Shoulder Resources

Paediatric shoulder and elbow (R) Paediatric shoulder and elbow (R)

Glenoid hypoplasia

The glenoid develops from two ossification centres, which appear at 9 to 16 years of age. Glenoid hypoplasia is secondary to failure of the inferior ossification centre.
Glenoid hypoplasia is usually bilateral and symmetric.

• Primary
• Skeletal dysplasias
• Mucopolysaccharidoses
• Apert syndrome
• Holt Oram syndrome
• Cornelia de Lange syndrome

Patients present in the second or third decade with decreased ROM (particularly forward flexion) and sometimes multidirectional instability.

XR findings
The inferior glenoid and adjacent neck is not properly ossified. The coracoid and acromion are enlarged.
The humeral head is flattened and the humeral shaft is in varus.
CT arthrography and MRI show the inferior labrum is enlarged.

Natural history
Not known if this predisposes to later degeneration.

Rehabilitation programme

Septic arthritis of the shoulder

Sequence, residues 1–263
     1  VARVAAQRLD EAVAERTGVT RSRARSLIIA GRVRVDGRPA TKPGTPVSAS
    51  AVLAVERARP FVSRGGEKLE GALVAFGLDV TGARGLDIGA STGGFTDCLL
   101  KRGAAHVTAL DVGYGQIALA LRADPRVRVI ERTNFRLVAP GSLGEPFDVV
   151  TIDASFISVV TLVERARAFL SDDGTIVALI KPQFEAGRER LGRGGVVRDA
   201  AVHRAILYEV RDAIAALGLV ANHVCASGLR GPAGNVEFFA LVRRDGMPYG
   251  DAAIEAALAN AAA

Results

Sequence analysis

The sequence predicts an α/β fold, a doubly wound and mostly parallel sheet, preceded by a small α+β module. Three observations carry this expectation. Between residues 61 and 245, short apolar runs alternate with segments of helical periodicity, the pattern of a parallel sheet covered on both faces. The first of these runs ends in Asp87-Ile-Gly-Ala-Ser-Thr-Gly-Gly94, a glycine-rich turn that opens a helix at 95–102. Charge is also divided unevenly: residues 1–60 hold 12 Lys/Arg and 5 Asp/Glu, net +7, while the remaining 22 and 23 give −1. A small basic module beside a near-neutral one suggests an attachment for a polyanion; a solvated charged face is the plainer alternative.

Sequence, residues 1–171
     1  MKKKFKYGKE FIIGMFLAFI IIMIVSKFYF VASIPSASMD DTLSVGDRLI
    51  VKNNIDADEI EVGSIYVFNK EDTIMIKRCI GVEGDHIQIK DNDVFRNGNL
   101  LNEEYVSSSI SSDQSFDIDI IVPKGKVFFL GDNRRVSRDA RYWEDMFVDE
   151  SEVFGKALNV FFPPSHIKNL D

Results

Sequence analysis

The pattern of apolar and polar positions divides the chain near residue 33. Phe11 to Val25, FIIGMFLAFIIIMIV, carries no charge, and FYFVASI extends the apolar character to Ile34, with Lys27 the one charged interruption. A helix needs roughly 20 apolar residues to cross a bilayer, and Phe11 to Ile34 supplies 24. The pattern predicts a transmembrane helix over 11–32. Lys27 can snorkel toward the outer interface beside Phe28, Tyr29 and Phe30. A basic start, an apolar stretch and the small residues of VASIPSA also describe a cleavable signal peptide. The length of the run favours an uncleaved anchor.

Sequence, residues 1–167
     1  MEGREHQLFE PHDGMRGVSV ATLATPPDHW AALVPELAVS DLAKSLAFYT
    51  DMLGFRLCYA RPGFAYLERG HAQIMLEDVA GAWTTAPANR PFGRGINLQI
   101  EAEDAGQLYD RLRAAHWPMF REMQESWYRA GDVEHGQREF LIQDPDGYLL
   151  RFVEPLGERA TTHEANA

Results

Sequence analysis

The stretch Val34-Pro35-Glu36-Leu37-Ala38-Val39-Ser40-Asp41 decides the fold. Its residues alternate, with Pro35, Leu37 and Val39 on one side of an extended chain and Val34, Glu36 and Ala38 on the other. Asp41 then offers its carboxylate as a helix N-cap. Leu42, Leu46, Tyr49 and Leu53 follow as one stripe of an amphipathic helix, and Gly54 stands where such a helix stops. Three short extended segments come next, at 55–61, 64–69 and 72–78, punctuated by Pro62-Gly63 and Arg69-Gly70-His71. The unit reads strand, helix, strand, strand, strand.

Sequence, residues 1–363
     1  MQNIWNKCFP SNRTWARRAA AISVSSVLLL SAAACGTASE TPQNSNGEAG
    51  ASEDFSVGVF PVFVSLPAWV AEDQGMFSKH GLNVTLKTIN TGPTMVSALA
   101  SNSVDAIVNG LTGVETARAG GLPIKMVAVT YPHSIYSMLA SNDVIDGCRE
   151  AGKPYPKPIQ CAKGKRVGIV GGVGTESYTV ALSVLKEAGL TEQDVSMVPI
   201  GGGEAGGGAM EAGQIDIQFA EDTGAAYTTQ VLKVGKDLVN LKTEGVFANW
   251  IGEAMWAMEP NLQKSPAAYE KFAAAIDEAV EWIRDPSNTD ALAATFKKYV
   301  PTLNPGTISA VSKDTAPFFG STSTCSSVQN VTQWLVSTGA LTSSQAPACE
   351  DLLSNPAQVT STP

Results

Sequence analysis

This is quite rare; only 5% of paediatric septic arthritis involves the shoulder.

Diagnosis is commonly late.
Pseudoparalysis is often seen. True paralysis may sometimes occur due to pressure on the brachial plexus.

A whole body bone scan should be obtained in neonates because multifocal osteomyelitis is common.

Natural history
Coexistent osteomyelitis often occurs because the proximal humeral metaphysis is intraarticular.
In neonates diagnosed 2 days or more after the onset of symptoms, damage to the physis and secondary ossification centres of the proximal humerus lead to shortening of the arm and deformity of the humeral head, but loss of function is negligible.


Clavicular birth fractures
Occur in 0.2% to 4.4%, much more common in vaginal deliveries (1.65% vs. 0.2%).
Fetal macrosomia and shoulder dystocia are common risk factors.
Concomitant brachial plexus injury is rare.

Proximal humeral fractures
Proximal humeral physeal fractures are uncommon, making up 3-6% of all physeal injuries.
The proximal humeral physis contributes 80% of the length of the humerus, and provides tremendous remodeling potential. Little functional impairment results from residual shortening or imperfect remodeling.
Thus, up to 70 degrees of angulation and 100% displacement can be accepted in children under 5, decreasing to 40 degrees of angulation and 50% displacement as the child nears physeal maturity.

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